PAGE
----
ACT English 1.3 Sentence Structure
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ACT English: Sentence Structure Drill 1, Problem 3. Proper word choice for independent clauses.
|ACT English||Sentence Structure|
|Product Type||ACT English|
|Sentence Structure||Sentence Fragments|
Subordination and Coordination
In this question, the word "as" is doing its best to be what's called a "subordinating
When we slap a subordinating conjunction on the front of what was formerly an independent
clause, the clause's independent spirit is broken, and it suddenly becomes a dependent,
Subordinate clauses are always dependent on a main clause, and can never be on their own,
without becoming fragments.
The second supposed sentence here is a good example of this.
"The children ran behind, shouting and waving goodbye," totally works as an independent
It can stand on its own two feet as a complete sentence, since it has a subject, "children,"
and a predicate, "shouting and waving."
However, as soon as we put "as" in front of this formerly independent clause, its legs
are taken out from under it. Whoopsies.
The addition of "as" signals that the clause is meant to augment the main clause instead
of just doing its own thing.
So, in our sample clauses, the grandparents who are driving away are the main event, while
the children they're leaving behind are the secondary information.
Man, we hope these kids' parents are still around. These grandparents are pretty negligent.
One way to fix the original sentence would be to take out the period and just stick the
This would allow "as" to fulfill its dream of being a proper subordinating conjunction.
Unfortunately, dreams rarely come true...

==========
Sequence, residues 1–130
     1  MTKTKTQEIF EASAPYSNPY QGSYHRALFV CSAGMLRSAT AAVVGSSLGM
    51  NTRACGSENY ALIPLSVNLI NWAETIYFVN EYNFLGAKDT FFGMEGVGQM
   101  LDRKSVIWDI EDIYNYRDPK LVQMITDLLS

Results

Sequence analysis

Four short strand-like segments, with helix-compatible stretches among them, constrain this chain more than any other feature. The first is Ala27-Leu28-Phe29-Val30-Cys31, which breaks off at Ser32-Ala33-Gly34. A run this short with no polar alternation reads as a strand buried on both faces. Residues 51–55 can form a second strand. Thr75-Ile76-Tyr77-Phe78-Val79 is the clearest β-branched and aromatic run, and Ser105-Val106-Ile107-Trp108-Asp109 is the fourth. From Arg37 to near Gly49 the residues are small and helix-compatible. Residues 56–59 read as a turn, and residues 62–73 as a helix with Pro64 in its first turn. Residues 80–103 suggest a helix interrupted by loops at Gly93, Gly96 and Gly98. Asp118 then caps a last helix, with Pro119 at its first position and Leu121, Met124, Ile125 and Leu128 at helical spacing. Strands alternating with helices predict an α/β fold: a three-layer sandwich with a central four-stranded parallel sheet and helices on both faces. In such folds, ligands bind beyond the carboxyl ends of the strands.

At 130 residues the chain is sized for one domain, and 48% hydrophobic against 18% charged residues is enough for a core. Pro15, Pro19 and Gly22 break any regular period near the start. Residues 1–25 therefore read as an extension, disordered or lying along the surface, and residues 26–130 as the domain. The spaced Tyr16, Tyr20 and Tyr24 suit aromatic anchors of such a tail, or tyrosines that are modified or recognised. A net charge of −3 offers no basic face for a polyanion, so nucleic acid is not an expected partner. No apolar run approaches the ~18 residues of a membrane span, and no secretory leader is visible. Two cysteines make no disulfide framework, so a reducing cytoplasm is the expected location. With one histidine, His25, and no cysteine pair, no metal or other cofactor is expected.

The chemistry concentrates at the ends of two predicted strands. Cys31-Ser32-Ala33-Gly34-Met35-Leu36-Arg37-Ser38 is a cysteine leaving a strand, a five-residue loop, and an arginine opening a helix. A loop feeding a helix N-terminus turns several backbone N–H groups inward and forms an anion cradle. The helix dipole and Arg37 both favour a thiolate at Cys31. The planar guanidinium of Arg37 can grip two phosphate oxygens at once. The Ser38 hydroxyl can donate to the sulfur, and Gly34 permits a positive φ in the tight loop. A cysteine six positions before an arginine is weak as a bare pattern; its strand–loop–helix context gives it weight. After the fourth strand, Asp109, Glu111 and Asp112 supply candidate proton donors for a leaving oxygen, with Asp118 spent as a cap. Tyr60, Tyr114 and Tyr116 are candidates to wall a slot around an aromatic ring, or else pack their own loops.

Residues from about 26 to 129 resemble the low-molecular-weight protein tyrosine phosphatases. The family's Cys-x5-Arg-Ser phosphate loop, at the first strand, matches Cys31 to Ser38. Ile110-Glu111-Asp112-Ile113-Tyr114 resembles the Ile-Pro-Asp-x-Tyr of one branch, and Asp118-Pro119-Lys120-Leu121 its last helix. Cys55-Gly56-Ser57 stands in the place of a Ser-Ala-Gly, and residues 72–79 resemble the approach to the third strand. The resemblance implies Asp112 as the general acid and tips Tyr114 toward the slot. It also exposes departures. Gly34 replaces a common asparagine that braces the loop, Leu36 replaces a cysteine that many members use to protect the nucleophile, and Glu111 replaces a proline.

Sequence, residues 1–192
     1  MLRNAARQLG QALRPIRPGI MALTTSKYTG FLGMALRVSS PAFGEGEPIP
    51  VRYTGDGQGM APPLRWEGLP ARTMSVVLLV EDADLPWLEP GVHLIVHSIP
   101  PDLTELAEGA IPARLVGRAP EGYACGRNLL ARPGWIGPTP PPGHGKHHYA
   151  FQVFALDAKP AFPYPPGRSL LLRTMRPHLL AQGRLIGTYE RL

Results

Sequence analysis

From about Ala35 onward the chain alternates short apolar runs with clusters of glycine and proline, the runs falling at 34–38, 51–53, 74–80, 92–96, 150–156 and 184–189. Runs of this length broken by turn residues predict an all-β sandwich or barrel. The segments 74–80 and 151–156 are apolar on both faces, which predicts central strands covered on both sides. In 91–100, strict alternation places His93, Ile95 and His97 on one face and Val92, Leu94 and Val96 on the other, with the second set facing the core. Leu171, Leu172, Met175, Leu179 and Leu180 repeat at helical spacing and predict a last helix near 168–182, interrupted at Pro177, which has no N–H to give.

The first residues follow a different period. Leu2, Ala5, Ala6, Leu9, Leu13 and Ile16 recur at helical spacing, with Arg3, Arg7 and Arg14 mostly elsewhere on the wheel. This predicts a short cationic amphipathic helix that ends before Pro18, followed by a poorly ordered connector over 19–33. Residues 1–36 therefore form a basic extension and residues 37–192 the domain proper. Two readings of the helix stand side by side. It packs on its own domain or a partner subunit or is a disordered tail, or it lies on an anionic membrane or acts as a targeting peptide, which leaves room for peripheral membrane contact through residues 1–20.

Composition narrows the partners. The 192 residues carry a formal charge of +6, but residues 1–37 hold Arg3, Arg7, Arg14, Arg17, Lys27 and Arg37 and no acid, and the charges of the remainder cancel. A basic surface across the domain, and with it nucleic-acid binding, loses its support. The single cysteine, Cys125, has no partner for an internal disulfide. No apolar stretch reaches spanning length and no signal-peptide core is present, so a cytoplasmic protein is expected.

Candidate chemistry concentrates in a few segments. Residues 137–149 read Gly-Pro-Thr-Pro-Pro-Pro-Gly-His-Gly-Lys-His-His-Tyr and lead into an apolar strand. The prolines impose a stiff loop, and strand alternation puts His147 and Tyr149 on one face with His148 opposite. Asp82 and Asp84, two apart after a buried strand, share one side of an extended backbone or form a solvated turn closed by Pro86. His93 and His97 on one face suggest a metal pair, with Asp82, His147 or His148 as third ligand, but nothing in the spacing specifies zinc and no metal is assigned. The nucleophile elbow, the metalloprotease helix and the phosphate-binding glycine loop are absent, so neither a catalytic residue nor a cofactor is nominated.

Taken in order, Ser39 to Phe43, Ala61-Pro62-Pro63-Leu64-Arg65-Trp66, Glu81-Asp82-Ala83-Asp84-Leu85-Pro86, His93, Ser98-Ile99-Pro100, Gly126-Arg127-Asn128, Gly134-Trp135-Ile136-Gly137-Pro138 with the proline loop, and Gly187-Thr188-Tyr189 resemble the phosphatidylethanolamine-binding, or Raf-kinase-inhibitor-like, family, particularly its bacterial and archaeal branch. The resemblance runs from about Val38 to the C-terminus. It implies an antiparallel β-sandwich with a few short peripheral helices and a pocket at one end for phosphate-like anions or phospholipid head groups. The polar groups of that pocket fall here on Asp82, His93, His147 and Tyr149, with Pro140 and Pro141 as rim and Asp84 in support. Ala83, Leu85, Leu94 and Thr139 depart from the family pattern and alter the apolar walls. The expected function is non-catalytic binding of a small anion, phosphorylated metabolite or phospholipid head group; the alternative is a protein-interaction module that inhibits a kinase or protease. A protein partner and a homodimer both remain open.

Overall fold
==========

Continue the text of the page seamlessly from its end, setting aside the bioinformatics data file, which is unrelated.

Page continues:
None of the answer choices present this option, so none of these words are destined to connect
anything to anything.
We can't go around beginning full sentences with subordinating conjunctions, like "as,"
that don't connect anything; otherwise the world would descend into fragmented madness.
This means that we can not only get rid of choice (A), we can also eliminate choice (B).
"While" is a subordinating conjunction as well, and it has all the same problems as
its buddy "as."
Choice (C) suffers from a similar problem. "During" is a preposition, a part of speech
whose job it is to link nouns, pronouns, and phrases.
Because "during" isn't allowed to link anything here, it also transforms the final clause
into a fragment.
It's kind of like this version of the sentence begins with a bridge that leads to nothing
Choice (D) is the correct answer because it uses a period to separate both independent
clauses and lets them do their thing all by themselves.
Hopefully, the grandparents in question here didn't leave these kids all by themselves.
If so, somebody better call social services.